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Publisher: GraphSim Entertainment    Genre: Arcade
Min OS X: Not Supported    CPU: 601 @ 100 MHz    RAM: 64 MB    Hard Disk: 40 MB    8x CD-ROM    Graphics: 800x600 @ 256 Colors

Pro Pinball: Fantastic Journey
June 28, 2001 | Michael Eilers

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On the Mac or PC (or Playstation) platform, it has long been the case that if you wanted to play a really amazing and extremely accurate pinball sim, you only had one company to turn to: Empire Interactive. Beginning with Pro Pinball: The Web and continuing with Timeshock and Big Race USA, Empire has practically been the only game in town for “pro” level pinball play, and with good reason -- no one else has been able to top their realism, quality of play and eye-popping graphics.

The goal of these “pro” level sims is simple: to re-create the coin-op pinball experience as authentically as possible with original concepts and designs. Along the way they have included many innovations (such as head-to-head Internet play in BRUSA) and some gorgeous eye candy, yet the games will run on a Pentium 90 MHz with a few tweaks.

As the fourth title in this series, Fantastic Journey has a lot to live up to; frankly, Timeshock and Big Race USA are very tough acts to follow. While Fantastic Journey retains the same flash and dazzle as the previous titles and continues the high quality of realism and “polish,” the developers seem to have gambled on the play itself by choosing to simplify the sim greatly -- perhaps as a way of attracting new gamers to the fading genre of pinball.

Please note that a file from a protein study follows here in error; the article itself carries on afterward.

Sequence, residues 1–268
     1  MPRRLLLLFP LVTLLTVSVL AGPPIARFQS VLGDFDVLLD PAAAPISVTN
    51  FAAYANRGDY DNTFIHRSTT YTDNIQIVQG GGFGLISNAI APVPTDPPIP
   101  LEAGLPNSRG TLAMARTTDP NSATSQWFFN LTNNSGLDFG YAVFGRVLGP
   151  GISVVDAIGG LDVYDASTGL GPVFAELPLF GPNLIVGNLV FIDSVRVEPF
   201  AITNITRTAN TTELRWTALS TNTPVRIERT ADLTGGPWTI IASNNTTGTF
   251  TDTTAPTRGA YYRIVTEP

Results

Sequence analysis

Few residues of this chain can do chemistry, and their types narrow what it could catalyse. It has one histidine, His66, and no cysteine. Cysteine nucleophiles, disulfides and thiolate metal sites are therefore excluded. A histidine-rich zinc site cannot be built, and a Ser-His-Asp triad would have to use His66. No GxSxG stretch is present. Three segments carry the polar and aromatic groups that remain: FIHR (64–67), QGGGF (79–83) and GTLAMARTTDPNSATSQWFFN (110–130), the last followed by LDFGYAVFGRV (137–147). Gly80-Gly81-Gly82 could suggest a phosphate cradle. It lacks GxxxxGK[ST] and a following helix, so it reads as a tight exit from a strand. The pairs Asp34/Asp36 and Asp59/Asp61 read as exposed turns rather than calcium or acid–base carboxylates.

A Steam-Powered WHAT?
As with all pinball games from Mad Cats to Black Knight 2000, there is a paper-thin plot that provides the setting and theme for the table. In this case you are an anonymous assistant to Professor Steam, an inventor of steam-powered ‘contraptions’ who is trying to save the world from mad General Yagov. The General is holding the word ransom, threatening to blow up the Moon with a rocket; his secret island (doesn’t every villain have a secret island?) is protected by an impenetrable shield. The professor discovers that four special crystals can be combined to bring down this shield and save the day.

So, you must build four strange machines, defeat some bizarre obstacles (including a giant octopus and a fire-breathing dinosaur) to get the crystals, break through the shield and stop the General. As with all pinball plots, this translates into a series of increasingly difficult gameplay goals which result in increasingly larger bonuses and jackpots.

If that plot looks a little thin and haphazard to you, even for a pinball backstory, your suspicions are justified. While the worlds of Timeshock and Big Race USA were no less improbable and silly, at least they “held together” better and proceeded with a more logical chain of events.

The beauty of a Pro Pinball title is that even when it doesn’t measure up to a previous title, it is still one of the best pinball sims ever. They are just that good. Even with the flaws I noticed with this table, it still provides quite a few thrilling, sweaty-palmed hours of play.


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